Distracted driving is any activity that diverts attention from driving, including talking or texting on your phone, eating and drinking, talking to people in your vehicle, fiddling with the stereo, entertainment or navigation system—anything that takes your attention away from the task of safe driving.
Texting is the most alarming distraction. Taking under five seconds to send or read a text in this time means that the driver travels the length of a football field without looking at the road, or being distracted.
There are so many vehicles on the road now that this means there is a huge chance of something terrible happening in this distance.
You cannot drive safely unless the task of driving has your full attention. Any non-driving activity you engage in is a potential distraction and increases your risk of crashing.
Here are some educational tips to help you avoid distracted driving:
- Make a habit of thinking about what calls or texts you need to send before you begin your trip. Before you start the car, take a moment to think about what information you might need during the trip. For instance, program your GPS at the outset, rather than fiddling with it during the drive.
- Put your phone somewhere you can’t take a quick peek at it. Try putting it in the glove compartment or a closed center console.
- Silence notifications that tempt you to check your phone.
- Practice patience. Consider whether it’s worth risking your safety—and that of others in your car and on the road—to read a text while driving. Then wait until you’ve reached your destination.
- Investigate apps that will help boost your willpower. There are several types of apps on the market, some of them free, that allow you to block incoming messages or send automatic responses to let your friends know you’re driving.
- The idea of a designated driver has caught on for drunk driving, and choosing a substitute can be just as useful for distracted driving. Select a friend to be your designated texter while you’re behind the wheel.
- Make a promise. If you are a person of your word, consider signing the National Highway Traffic Safety Administration’s pledge against distracted driving. Picturing your name on the pledge could help you keep your thumbs off the phone.
- If you absolutely cannot wait, pull over when you can do so safely. Swerving to the side of a busy highway is never a good option, of course. If you are driving on a road with safe places to pull over, use them to stop and text.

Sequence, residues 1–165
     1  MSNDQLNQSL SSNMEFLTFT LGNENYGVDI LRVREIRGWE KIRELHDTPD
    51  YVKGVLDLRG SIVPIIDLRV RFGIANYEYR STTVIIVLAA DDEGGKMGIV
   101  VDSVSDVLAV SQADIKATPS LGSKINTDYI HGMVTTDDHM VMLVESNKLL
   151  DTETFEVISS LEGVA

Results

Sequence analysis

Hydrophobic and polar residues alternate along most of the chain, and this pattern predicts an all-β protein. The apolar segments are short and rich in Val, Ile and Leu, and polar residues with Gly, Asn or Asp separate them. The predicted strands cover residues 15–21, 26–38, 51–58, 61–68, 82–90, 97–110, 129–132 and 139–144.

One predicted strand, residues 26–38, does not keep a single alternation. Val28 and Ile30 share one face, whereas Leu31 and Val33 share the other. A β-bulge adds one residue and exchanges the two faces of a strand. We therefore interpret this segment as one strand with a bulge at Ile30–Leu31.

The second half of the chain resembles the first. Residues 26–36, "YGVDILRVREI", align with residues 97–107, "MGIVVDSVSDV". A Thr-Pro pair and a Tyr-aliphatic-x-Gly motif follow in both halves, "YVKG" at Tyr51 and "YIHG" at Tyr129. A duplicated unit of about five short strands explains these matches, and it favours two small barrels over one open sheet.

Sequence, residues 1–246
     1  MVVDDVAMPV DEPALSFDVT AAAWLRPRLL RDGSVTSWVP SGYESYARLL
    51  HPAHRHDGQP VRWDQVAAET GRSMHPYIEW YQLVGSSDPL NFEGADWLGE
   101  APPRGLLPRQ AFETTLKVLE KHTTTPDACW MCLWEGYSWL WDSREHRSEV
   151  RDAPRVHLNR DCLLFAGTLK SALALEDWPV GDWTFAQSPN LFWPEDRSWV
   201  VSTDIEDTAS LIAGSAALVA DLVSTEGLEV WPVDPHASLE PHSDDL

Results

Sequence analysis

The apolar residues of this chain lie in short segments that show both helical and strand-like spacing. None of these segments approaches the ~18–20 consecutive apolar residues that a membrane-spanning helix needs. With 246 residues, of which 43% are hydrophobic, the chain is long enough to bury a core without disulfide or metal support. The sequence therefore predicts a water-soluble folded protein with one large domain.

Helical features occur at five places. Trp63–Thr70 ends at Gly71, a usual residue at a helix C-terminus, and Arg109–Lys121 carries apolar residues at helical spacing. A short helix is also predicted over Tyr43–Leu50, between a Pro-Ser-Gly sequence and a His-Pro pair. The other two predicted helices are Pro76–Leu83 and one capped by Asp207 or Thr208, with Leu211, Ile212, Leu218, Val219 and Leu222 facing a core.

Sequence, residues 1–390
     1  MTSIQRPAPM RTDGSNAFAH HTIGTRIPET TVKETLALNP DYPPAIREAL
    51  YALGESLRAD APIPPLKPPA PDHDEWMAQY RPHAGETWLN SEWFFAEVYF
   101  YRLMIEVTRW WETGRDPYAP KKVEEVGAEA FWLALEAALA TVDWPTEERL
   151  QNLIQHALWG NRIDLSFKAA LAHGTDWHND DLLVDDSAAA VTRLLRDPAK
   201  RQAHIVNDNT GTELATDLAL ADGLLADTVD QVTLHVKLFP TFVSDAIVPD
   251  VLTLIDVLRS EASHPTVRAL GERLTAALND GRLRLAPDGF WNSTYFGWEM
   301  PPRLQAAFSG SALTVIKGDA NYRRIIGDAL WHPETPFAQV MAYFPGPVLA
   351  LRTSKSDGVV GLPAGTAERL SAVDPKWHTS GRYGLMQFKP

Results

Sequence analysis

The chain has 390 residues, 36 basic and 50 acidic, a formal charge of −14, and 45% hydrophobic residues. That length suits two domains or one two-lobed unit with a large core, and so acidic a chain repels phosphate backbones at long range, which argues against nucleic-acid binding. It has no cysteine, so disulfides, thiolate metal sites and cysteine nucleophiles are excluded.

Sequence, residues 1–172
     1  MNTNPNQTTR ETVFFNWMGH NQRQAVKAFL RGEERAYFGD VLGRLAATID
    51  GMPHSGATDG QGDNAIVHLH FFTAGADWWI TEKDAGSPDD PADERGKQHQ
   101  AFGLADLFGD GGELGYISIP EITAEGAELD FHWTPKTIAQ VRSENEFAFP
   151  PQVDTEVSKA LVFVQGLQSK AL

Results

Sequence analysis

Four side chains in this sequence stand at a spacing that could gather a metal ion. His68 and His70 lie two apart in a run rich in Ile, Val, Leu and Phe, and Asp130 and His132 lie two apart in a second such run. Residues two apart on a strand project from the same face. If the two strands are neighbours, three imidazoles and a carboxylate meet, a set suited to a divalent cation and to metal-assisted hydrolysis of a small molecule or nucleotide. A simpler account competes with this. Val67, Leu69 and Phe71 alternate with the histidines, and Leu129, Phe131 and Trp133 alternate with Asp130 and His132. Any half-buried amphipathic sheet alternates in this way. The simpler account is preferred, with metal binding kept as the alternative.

10 Informative Statistics about Distracted Driving
Most people realize just how big of a problem and how dangerous distracted driving is. However, seeing this list of 10 distracted driving statistics all together in one list really can put it into perspective.
- 48% of kids in their younger teenage years have been in a car while the driver was texting.
- 82% of American teenagers own a cell phone, and use it regularly to call and text message. 52% of these talk on the phone while driving, and 32% text on the road.
- When you text while driving, the time that you spend with your eyes off the road increases by about 400%.
- It takes an average of three seconds after a driver’s mind is taken off the road for any road accident to occur. This is the bare minimum amount of time it takes, and it is surprisingly small. Three seconds is the time it takes to turn your ignition when starting your car.
- Reading a text message while driving successfully distracts a driver for a minimum of five seconds each time.
- When teens text while they drive, they veer off lane 10% of their total drive time.
- 94% of teenagers understand the consequences of texting and driving, but 35% of them admitted that they do it anyway.
- 1 out of 4 car accidents in the US are caused by texting while driving.
- When polled, 77% of adults and 55% of teenage drivers say that they can easily manage texting while driving.
- Each year, over 330,000 accidents caused by texting while driving lead to severe injuries.
If you are dealing with an accident due to a distracted driver, let us help! Call Jacobson, Schrinsky & Houck in Milwaukee today at (414) 223-4444 to have one of our caring lawyers come out to meet you.
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